'Once I came out of rehab, I knew I wasn't going to use again, so I had to deal with why I did it,' she said. 'One of the tenets of the (12-step) program is honesty ... how could I work a program and hide this significant part of my life?'
To concentrate more fully on staying sober, Storm moved from her hometown of Allentown, Pa., to State College, several hours away. Even with this move, made possible with the assistance of Storm's father and stepmother, she said leaving behind her drinking and drugging friends was one of the hardest things she had to do in early recovery.
'I had to give up my whole friendship network, really,' she said. 'Our common bond was partying. Without it, I had little in common with people I had considered my closest friends.'
Rebuilding life around therapy
Storm initially rebuilt her life around recovery meetings and weekly sessions with her therapist. Later she focused on experiencing academic life once she applied to attend college at Pennsylvania State University. She came out and joined Lambda Delta Lambda, a lesbian sorority, which gave her a push into on-campus activism.
'The sorority gave me a social outlet outside the bars,' Storm said. 'Don't get me wrong -- these groups still have a big drinking component, but they also have a huge service component. And many of the sorority sisters were (LGBT) activists, which got me into activism, which is at the core of what I do today.'
After starting and leading several LGBT and diversity-oriented groups during her undergraduate days at Penn State, Storm currently channels her activist energies into her job as executive director of the Victim/Witness Assistance Program in Harrisburg, Pa., a non-profit agency that provides support and assistance to crime victims. She also maintains a brisk schedule of public speaking engagements related to the needs of young LGBT adults in recovery.
When she speaks to young people at college campuses around the country, one of the things Storm said she tries to get across is that they can choose to live a chemical-free life. That notion of choice is something that she said surprised her at the beginning of her sobriety, and continues to amaze her today.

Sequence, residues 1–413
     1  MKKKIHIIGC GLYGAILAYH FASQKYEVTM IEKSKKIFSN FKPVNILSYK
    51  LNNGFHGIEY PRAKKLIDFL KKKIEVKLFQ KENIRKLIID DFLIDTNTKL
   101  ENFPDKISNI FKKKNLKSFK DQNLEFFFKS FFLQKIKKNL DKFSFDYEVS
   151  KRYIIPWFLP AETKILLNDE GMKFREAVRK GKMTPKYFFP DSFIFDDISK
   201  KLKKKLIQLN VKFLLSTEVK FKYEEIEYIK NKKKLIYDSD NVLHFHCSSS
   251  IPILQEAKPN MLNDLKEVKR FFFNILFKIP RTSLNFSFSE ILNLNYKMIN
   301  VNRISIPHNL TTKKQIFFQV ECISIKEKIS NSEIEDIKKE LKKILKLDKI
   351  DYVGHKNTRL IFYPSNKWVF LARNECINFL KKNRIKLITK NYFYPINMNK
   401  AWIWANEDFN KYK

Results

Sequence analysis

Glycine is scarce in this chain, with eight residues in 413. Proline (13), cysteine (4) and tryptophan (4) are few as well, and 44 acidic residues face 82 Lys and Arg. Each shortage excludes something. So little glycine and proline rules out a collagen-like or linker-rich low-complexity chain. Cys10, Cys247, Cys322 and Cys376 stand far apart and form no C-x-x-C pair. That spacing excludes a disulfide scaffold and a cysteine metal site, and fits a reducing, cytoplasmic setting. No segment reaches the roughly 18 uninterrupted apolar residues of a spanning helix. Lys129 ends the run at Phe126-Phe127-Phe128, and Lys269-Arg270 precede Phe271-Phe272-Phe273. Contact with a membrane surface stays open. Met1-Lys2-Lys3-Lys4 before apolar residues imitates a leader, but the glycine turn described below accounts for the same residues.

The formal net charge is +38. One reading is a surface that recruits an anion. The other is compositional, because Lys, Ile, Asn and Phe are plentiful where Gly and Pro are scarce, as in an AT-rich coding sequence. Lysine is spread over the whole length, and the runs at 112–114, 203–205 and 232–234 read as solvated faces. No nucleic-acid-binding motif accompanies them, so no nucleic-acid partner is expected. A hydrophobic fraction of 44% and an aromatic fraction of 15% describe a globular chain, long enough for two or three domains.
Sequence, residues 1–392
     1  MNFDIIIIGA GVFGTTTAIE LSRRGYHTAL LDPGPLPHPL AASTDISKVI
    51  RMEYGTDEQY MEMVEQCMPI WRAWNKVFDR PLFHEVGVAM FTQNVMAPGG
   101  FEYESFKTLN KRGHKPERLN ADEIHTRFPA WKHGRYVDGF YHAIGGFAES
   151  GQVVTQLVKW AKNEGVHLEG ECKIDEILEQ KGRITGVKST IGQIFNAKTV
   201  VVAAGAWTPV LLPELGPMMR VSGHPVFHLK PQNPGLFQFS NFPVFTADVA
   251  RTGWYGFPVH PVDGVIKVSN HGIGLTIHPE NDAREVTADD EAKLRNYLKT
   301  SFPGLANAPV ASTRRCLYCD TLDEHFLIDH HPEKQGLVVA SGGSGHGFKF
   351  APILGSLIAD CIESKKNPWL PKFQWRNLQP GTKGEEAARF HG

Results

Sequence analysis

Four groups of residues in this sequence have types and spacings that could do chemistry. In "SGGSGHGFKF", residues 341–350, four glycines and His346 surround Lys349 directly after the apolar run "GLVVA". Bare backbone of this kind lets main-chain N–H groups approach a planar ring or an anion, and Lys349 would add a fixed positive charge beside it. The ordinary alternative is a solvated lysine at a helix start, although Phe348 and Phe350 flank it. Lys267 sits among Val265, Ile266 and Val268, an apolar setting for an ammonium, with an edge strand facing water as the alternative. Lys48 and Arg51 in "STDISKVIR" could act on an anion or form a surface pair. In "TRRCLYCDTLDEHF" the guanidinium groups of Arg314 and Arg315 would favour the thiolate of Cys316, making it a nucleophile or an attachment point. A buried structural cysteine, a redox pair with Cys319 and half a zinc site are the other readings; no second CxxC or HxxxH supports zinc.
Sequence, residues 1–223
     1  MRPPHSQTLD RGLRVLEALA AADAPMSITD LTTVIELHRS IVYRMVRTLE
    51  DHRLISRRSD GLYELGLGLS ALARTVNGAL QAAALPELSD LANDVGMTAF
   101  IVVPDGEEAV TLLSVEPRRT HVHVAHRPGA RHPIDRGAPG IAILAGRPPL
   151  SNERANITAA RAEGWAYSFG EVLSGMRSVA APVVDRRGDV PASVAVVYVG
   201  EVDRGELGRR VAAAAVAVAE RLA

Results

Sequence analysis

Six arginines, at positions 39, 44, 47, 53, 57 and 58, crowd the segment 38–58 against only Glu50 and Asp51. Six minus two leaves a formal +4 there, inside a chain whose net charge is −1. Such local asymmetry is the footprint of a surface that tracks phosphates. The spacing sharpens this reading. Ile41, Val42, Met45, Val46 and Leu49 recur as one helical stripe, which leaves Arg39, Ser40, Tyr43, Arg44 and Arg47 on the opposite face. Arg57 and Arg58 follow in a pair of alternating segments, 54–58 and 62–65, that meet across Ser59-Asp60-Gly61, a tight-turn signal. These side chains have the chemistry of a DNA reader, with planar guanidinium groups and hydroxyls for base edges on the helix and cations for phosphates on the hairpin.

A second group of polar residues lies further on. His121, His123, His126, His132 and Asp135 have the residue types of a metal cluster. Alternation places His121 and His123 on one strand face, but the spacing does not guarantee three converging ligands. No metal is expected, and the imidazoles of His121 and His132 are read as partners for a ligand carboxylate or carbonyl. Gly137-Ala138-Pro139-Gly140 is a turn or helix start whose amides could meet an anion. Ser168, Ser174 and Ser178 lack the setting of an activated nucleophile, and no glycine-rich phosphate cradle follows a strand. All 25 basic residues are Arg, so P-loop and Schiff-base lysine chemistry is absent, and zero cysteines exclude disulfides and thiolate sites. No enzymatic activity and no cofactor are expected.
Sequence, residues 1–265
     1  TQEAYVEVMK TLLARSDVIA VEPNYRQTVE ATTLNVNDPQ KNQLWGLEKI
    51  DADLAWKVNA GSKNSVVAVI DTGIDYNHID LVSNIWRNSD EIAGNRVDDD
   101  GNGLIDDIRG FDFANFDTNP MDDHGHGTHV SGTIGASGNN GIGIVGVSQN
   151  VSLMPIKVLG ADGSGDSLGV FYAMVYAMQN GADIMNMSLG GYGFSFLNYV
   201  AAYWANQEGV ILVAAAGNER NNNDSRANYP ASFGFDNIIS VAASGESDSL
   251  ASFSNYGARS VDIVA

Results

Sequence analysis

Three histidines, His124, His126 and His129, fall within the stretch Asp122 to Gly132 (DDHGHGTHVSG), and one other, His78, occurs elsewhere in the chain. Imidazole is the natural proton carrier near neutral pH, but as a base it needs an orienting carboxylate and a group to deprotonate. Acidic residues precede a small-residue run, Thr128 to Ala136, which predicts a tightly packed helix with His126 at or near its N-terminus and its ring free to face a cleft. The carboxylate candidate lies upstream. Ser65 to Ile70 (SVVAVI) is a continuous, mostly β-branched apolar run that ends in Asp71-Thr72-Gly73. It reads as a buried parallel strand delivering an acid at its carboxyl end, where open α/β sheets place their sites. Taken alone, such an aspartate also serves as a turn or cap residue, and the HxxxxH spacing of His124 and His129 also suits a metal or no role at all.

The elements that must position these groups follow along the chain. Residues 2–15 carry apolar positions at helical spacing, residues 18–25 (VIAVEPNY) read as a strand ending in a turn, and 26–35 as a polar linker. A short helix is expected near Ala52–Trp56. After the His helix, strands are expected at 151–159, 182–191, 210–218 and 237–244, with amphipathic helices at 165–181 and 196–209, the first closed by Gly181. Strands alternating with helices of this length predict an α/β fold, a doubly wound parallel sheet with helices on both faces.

'When I got sober, I couldn't believe I had lived 10 years of my life the way I had, when I had so many other options,' Storm said. 'Recovery was hard, but the fact that, on any given day, I could make the decision not to use meant that anything was possible.'
Leave the Light On: A Memoir of Recovery and Self-Discovery
By Jennifer Storm
Central Recovery Press, 2010 Midwest Book Review
Book Review by Suzanne K of "Leave the Light On: A Memoir of Recovery and Self-Discovery" by Jennifer Storm.
This is the second memoir by Jennifer Storm. Her first, Blackout Girl: Growing Up and Drying Out in America, depicted her haunting descent into addiction which occurred after she had been raped at age twelve. In Leave the Light On: A Memoir of Recovery and Self-Discovery, Storm picks up where the first book left off. Even without reading her first memoir, readers will be captivated by Storm's account of life in recovery.
Anyone who's been through treatment for addiction knows that recovery is a scary time. You worry about it when you're nearing the end of your treatment, and you worry constantly about it during the early days of your recovery. This happens regardless of what your drug or addictive behavior of choice is, how long you've been addicted before you seek and go through treatment, whether you've relapsed once or several times since treatment, who you are, where you live, how much money you have, how old you are, your sex, religious, political or any other type of affiliation. In short, recovery takes some getting used to.
And there's no better primer than reading Storm's tale of making it through the period of early recovery - without losing her sanity.
This is not to say that there weren't some tenuous moments. Whose recovery is smooth sailing, anyway? Not anyone that this writer has heard about. Truth to tell, however, Storm's account doesn't veer into details about protracted and numerous relapses. She does say that she did relapse at one point, but got back into treatment and subsequently was Keaable to maintain her sobriety.
The fact that Storm survived her addiction and suicide attempt (she cut her wrists) is a testament to her underlying courage and determination to live. The memories of the rape, the guilt and shame and self-hatred that plagued her for years and she buried with alcohol and drugs took a lot of therapy and many hours of 12-step meeting attendance and one-on-one discussions with her sponsor to overcome.
You often read in articles and advice about recovery that you should follow a regimented schedule in your first weeks and months after treatment. With no more 24-hour monitoring or every minute accounted for with therapy, meetings, or scheduled lectures or activities, the sudden freedom of recovery can throw anyone into a tailspin. Storm tells readers she very much needed the comfort of stability, and keeping to a regular daily schedule helped her begin to climb up from the depths of self-doubt and despair. Reciting the Alcoholics Anonymous Serenity Prayer also kept her from losing her grip.